The Swells

St. Mary’s Church at Lower Swell

St. Mary’s Church at Lower Swell is really two churches in one.  The original, 12th Century church was extended twice in the 19th Century.  Archaeological evidence suggests that there was an earlier, Saxon church on the site and, before that, a Roman crematorium.  There are prehistoric burial mounds nearby.  The area has thus held religious significance for about 6,000 years.

The oldest part of the church building is the Norman nave and chancel, built around 1100.  In 1852, the old North wall was demolished and replaced by a pair of open arches, giving access to a lofty new aisle designed in Early English style by J.C. Buckler.  This aisle became the nave of the church in 1871, when it was extended Eastwards, to form a new, larger chancel.  The Norman nave then became the present South aisle.

 

Norman doorway.  The church doorway, opening into the South aisle, is Norman.  The tympanum (semi-circular space between the lintel of the doorway and the arch above it) is constructed of ten blocks, closely wedged together to resemble a single stone.  The carved Tree of Life, with a bird pecking at a branch, is thought to be unfinished.

 

Norman chancel arch.  The church’s most noteworthy feature is its Norman chancel arch, as illustrated on the cover.  The band of 26 carved stones, surrounding the outer edge, is unique.  The Rev. David Royce, vicar at Lower Swell from 1850 to 1902, interpreted its spiritual lesson:  “On 18 of these stones…are carved…the first chapter of the sacred history of mankind (such as the apple, the serpent, symbols of the Trinity and of baptism), and on the central stone, a man, defaced…approached by a line of creatures…may be representing the dominion of man over creation.”  Although Royce’s interpretation is open to question, it has not been superseded.  The primitively carved capitals, of the three pillars supporting the arch on the left, show man overcoming evil;  a serpent represents evil and a woman fosters evil, by clutching the serpent to her breast.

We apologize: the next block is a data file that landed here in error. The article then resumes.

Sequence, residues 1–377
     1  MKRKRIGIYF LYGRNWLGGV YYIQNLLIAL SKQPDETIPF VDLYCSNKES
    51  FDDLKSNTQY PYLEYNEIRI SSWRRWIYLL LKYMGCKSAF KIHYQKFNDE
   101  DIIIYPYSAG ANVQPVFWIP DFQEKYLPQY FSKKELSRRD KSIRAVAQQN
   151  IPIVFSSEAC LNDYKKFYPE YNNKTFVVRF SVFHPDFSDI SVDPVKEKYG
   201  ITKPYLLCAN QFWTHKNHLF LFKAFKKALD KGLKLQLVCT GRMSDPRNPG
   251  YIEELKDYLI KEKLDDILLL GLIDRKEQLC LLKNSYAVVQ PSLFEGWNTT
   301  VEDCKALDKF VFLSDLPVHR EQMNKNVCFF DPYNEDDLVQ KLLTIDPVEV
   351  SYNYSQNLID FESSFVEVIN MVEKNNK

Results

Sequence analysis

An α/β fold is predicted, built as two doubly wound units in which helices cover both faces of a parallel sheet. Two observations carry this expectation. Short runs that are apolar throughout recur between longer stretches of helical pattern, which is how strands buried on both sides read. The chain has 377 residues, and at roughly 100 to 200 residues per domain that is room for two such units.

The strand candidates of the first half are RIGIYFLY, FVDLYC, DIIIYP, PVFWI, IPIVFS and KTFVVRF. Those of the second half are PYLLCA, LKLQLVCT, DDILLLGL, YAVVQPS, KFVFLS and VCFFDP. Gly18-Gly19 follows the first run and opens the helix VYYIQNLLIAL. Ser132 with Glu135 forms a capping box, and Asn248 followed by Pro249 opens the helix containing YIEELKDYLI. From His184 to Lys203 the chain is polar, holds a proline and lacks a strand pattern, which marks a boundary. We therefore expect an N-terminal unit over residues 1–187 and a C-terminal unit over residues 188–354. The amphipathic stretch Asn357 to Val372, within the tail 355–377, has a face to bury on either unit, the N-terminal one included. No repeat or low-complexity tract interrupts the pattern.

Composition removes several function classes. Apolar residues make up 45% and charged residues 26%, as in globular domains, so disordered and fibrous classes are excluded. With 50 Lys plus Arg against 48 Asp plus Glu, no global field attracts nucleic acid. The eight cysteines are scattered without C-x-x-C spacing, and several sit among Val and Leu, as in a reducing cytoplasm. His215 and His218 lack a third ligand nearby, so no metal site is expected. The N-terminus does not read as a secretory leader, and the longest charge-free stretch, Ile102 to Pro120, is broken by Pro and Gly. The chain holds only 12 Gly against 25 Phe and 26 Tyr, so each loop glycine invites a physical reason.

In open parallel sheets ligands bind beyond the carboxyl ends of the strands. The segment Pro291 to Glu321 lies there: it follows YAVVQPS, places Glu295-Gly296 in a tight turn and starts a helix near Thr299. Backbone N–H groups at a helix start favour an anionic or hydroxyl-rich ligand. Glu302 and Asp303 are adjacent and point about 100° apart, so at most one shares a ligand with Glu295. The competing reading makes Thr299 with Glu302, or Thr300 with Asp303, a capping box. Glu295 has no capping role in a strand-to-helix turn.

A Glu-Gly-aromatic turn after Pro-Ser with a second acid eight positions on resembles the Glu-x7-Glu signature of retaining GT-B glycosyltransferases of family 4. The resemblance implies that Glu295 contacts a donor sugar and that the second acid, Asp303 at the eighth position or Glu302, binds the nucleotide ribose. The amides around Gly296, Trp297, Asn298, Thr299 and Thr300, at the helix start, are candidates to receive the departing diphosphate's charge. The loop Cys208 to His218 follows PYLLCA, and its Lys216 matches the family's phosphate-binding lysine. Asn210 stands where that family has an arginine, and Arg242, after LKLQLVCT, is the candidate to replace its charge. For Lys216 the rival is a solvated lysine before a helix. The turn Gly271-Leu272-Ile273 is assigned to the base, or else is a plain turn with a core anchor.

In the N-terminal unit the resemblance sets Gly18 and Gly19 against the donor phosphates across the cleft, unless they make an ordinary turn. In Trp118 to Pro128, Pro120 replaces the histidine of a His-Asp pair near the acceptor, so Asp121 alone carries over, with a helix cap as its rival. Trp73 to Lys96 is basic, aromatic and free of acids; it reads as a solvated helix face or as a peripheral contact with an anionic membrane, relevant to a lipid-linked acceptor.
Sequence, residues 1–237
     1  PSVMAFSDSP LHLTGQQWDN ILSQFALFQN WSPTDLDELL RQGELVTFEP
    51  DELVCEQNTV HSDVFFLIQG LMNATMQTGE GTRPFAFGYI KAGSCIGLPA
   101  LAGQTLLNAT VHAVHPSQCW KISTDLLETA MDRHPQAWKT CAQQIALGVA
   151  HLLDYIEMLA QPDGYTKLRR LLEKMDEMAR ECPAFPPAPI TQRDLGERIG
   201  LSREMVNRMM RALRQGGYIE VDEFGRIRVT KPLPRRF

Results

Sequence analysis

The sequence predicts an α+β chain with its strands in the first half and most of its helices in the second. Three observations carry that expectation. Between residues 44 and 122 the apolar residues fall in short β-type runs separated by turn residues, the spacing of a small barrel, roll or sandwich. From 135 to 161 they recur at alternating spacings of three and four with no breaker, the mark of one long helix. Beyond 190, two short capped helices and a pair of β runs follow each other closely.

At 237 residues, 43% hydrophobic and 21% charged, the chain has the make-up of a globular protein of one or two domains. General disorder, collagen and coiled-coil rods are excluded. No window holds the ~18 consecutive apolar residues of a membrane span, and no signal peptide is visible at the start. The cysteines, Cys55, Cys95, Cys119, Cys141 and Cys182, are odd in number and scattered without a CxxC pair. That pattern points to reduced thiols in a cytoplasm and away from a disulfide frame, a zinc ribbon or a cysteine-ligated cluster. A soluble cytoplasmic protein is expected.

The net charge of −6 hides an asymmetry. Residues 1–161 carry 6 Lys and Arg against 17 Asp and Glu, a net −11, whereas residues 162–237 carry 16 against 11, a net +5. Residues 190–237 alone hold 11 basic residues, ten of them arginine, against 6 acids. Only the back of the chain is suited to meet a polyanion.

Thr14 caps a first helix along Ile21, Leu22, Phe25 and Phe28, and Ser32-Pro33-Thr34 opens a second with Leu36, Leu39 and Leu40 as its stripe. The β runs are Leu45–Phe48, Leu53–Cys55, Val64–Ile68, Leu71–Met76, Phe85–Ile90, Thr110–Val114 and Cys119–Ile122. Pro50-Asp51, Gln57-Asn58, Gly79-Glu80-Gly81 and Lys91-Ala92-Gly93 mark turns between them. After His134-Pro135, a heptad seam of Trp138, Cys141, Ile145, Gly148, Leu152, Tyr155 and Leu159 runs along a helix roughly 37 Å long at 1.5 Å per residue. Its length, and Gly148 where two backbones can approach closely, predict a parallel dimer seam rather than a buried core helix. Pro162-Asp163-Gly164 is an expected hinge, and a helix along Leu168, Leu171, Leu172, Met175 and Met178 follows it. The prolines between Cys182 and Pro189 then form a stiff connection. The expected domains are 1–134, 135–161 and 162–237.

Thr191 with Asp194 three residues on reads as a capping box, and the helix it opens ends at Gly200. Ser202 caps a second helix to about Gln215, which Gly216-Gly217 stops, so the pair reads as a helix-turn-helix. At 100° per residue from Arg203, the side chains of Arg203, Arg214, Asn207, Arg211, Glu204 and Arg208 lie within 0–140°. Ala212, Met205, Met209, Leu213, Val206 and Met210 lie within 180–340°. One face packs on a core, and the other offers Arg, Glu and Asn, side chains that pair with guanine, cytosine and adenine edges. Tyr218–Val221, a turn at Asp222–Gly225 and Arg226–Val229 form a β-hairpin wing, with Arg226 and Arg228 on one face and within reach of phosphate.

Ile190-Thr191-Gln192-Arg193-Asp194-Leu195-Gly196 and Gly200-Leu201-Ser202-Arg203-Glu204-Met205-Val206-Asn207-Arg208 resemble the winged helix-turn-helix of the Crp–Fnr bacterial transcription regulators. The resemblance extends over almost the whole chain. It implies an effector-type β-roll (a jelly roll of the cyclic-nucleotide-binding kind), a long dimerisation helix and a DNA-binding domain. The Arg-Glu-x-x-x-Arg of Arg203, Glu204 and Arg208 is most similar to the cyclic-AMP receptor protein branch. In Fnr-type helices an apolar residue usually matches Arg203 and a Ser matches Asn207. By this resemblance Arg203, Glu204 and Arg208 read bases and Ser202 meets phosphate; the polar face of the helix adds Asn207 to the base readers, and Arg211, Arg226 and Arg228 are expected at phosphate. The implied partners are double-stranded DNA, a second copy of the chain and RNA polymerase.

Norman chancel.  In the 12th Century chancel there is a deeply splayed Norman window on the South side, with non-matching carved bases and capitals to its jamb shafts.  Originally there was another window of similar size on the North side, but it was removed in the 19th Century when a recess was made to hold the organ.  The 13th Century low side window on the South wall retains its original wooden lintel.  At some stage it was blocked up, and was not rediscovered until the 19th Century.  It is thought that the 15th Century two-light Perpendicular window on the East wall was

the first to be installed there.  The stained glass, like all of the church’s stained glass, is 19th Century.  It is the work of Clayton & Bell, a London firm.  The left light shows the Virgin and Child, and the right shows the arms of Christ Church College, Oxford, patron of the benefice.

 

15th Century alterations.  In the 15th Century the roof of the Norman nave was raised, and the three-light Perpendicular window (the Victorian stained glass now shows Moses, St. John the Baptist and Elias) with image bracket on the South wall, and the three-light West window (the Annunciation, the Nativity, and shepherds in their fields) were inserted, greatly increasing the natural lighting of the church.  A rood-loft was built above the chancel arch, with a stairway in the South wall, of which both the upper and lower openings remain.  A short transept was built out on the South side, but by the end of the 17th Century it was ruined and was pulled down.  The 15th Century porch was originally too narrow for the doorway, but it was later widened, so that the Norman carving could be seen.  The font is also 15th Century;  the octagonal bowl has quatrefoils with flowers in the centres.